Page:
What happens to the value of your team when your superstar departs, attendance and interest dwindle, and your win totals straight plummet? Yes, millions and millions of hypothetical dollars are lost, like driving a mint Ferrari off the lot and promptly crashing it into a wall.
Forbes did their annual breakdown of the NBA's most valuable teams, and in their estimation, the Cleveland Cavaliers are worth about 26% less than they were last year. Bummer for Dan Gilbert. Forbes put the value of the wine and gold at $355 million, good for 15th in the league.
The Cavs aren't the only team struggling:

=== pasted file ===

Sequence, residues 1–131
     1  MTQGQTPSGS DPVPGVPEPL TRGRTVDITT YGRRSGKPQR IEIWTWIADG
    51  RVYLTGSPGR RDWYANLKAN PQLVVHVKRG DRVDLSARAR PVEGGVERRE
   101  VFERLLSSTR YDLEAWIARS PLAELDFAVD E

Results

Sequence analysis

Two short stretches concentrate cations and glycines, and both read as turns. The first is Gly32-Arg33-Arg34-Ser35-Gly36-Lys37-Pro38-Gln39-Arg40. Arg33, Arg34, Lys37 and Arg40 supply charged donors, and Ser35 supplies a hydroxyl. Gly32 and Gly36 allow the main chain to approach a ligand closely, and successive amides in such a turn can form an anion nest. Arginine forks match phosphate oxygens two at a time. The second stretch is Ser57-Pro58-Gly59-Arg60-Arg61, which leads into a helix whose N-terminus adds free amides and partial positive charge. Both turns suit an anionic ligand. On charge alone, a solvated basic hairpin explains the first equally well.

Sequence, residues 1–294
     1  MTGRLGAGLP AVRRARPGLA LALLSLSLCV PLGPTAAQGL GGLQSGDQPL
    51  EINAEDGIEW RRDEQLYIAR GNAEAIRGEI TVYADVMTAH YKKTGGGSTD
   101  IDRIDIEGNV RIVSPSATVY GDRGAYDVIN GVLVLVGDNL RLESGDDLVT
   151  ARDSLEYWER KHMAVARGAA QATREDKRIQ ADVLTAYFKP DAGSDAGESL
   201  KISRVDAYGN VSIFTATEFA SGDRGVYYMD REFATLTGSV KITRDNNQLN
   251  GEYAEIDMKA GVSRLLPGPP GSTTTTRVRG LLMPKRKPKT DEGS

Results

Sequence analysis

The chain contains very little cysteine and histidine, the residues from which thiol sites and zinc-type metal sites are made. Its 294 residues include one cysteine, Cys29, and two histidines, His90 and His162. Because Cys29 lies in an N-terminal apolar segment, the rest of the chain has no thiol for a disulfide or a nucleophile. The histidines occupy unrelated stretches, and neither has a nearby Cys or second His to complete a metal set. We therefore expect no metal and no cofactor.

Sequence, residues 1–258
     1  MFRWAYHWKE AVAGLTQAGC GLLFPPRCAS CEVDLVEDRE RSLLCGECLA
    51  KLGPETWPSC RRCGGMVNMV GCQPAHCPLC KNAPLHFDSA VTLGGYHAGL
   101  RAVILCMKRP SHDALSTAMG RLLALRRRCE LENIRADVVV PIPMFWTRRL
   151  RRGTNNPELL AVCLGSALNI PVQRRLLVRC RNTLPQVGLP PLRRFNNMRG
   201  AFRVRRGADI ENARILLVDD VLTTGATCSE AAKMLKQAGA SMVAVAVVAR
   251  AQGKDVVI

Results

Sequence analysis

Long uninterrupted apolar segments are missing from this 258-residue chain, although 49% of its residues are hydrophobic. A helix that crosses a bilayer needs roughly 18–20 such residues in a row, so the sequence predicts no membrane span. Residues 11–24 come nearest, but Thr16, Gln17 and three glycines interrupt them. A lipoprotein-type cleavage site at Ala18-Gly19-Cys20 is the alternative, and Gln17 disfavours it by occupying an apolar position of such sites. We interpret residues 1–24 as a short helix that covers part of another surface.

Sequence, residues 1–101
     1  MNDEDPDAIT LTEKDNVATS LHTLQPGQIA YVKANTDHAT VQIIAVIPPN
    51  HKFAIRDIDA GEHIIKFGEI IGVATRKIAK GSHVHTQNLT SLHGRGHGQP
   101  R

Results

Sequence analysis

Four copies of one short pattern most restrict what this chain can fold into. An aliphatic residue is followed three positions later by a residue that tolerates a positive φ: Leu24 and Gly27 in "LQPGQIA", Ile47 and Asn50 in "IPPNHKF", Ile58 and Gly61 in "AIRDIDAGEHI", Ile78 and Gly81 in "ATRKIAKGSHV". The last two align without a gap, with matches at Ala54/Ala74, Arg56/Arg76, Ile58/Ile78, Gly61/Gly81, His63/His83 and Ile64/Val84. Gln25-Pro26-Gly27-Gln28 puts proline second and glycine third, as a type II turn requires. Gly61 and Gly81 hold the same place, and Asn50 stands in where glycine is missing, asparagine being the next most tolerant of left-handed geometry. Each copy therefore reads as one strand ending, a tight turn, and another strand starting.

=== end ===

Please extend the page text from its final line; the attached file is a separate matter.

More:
The bad economy and a few suspect markets (Minnesota, Sacramento, Indiana among others) drained profitability during the 2009-10 season due to lower ticket receipts. Operating income (earnings before interest, taxes, depreciation and amortization) fell to an average of $6.1 million, 22% lower than the previous season and the lowest figure since the 2002-03 season. Worse, 17 teams lost money, the most since the lockout-shortened 1998-99 season. Several franchises like the Detroit Pistons and the New Orleans Hornets are on the market, but can’t find buyers at the right price.
If you factor in gut-punching, however, no one can compete with Cleveland's utterly sad-sack lot.